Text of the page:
House & Garden Restaurant Reviews

Flor restaurant review – spectacular cooking from James Lowe.

James Lowe’s first restaurant Lyles, has been a firm favourite since it opened in 2014. So I headed to Flor, his new venture, with justifiably high expectations. A small site on the edge of Borough Market, Flor takes a different tack to Lyles – moving from multiple course set menus to bar style food “inspired by the buvettes of Paris and the pintxos bars of san Sebastián”. I like this kind of eating: lighter, quicker and less of a commitment. 

I like this kind of eating

The no-booking bar area occupies the small ground floor space, with room for a few tables and barstool seating. A black iron spiral staircase leads up to a booking only dining room, minimally decorated with a light industrial feel, bare brick walls and exposed supports. There’s a Nordic style starkness but it’s softened by light wood and padded leather banquettes. Comfort hasn’t been overlooked. 

The menu is as 2019 as one could hope: a list of dishes ranging from £2 to £21; between two the waiter suggested we order around five of them. He thankfully didn’t ask us either if we’d eaten there before or if we ‘understood the concept’. Sharing isn’t necessary, so you wouldn’t feel like a uncomfortable on your own, but the dishes are neither too large for one, or too small to share.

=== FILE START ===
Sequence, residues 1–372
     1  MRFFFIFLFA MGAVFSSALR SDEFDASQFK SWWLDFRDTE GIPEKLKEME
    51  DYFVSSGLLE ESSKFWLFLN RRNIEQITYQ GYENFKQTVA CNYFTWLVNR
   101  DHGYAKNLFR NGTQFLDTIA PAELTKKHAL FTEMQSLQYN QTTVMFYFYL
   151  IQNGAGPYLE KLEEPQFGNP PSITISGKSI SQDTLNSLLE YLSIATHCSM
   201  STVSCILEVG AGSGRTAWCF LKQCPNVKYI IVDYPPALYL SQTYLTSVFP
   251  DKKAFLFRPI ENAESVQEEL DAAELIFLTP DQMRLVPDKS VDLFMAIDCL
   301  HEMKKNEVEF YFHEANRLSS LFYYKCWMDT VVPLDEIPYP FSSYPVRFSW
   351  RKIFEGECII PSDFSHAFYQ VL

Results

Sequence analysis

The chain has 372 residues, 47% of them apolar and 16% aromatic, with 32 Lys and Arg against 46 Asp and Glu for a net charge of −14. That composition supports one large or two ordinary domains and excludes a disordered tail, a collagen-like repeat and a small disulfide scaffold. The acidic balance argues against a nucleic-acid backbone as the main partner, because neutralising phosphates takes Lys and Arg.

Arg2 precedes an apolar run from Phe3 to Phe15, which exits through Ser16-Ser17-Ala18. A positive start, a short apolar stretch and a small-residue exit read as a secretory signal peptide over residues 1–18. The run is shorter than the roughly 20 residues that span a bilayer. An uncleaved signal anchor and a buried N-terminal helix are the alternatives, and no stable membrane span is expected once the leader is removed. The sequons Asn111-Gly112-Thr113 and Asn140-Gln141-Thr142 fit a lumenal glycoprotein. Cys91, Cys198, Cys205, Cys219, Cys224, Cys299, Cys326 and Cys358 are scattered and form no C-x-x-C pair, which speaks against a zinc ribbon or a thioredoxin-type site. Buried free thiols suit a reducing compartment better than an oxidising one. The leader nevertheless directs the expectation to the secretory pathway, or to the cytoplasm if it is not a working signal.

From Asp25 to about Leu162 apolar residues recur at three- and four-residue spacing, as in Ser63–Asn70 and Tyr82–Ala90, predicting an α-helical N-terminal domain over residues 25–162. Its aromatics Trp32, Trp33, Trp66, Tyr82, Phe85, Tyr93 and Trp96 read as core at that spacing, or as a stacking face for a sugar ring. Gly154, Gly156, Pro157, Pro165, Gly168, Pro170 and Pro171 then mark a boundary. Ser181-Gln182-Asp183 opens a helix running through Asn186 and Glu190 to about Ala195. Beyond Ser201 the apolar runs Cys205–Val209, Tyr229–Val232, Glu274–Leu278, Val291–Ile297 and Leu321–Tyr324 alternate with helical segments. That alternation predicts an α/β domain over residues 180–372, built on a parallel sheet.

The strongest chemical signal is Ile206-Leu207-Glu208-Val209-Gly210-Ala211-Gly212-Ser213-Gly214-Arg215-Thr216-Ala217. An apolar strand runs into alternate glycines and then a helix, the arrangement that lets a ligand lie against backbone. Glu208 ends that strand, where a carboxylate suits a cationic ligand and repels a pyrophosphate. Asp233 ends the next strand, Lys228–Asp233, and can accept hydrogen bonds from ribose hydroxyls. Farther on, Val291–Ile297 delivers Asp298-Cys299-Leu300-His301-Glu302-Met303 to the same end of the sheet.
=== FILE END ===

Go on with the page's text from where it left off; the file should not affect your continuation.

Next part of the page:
A basket of chewy, sticky crumbed sourdough came in thick slices with golden butter. A plate of wild boar ventricina (salami) was deep red with chilli, the spice perfectly offset by the subtle gamey flavour of the meat. There was a datterini tomato tart with violet aubergine: soft, smokey and sweet, encased in a crisp pastry shell. 

had it been my last supper, I wouldn’t have been disappointed

Our waiter advised the mussel flatbread: a small, chewy crusted pizza with plump mussels, garlic and melted Spenwood cheese. Cheese and fish may seem odd, but Lowe’s sense of flavour combination really triumphed in this dish. My companion was squeamish faced with the raw scarlet prawns that I insisted upon, and didn’t regret. Served on two plates: the plump, waxy textured bodies were uncooked and dressed in a citrus kosho, the heads charred on the grill for a crunchy contrast. Anchovy toast, with thin strips of melting lardo and aromatic marjoram came as the finale, and had it been my last supper, I wouldn’t have been disappointed. The anchovies were salty and plump, the lardo rich and unctuous and the marjoram gave it a herbal kick. We had just enough appetite to end with a Sicilian almond granita; crunchy and icy and served with raw and cooked Reine Claude plums. 

This is spectacular cooking and the informality of Flor, as well as the prices, will make this a certain success. Not a place for a big group, but somewhere to eat alone or with two. The superlative seasonal ingredients are skilfully prepared and the combinations are both comforting and novel. I’m not a local to Borough, but I’d happily make the trip back for food this good. And a tempting shelf of bakery items caught my attention on the way out: I went home with a paper bag of lardy buns for tea. It felt like two birds with one stone, and another reason to return.

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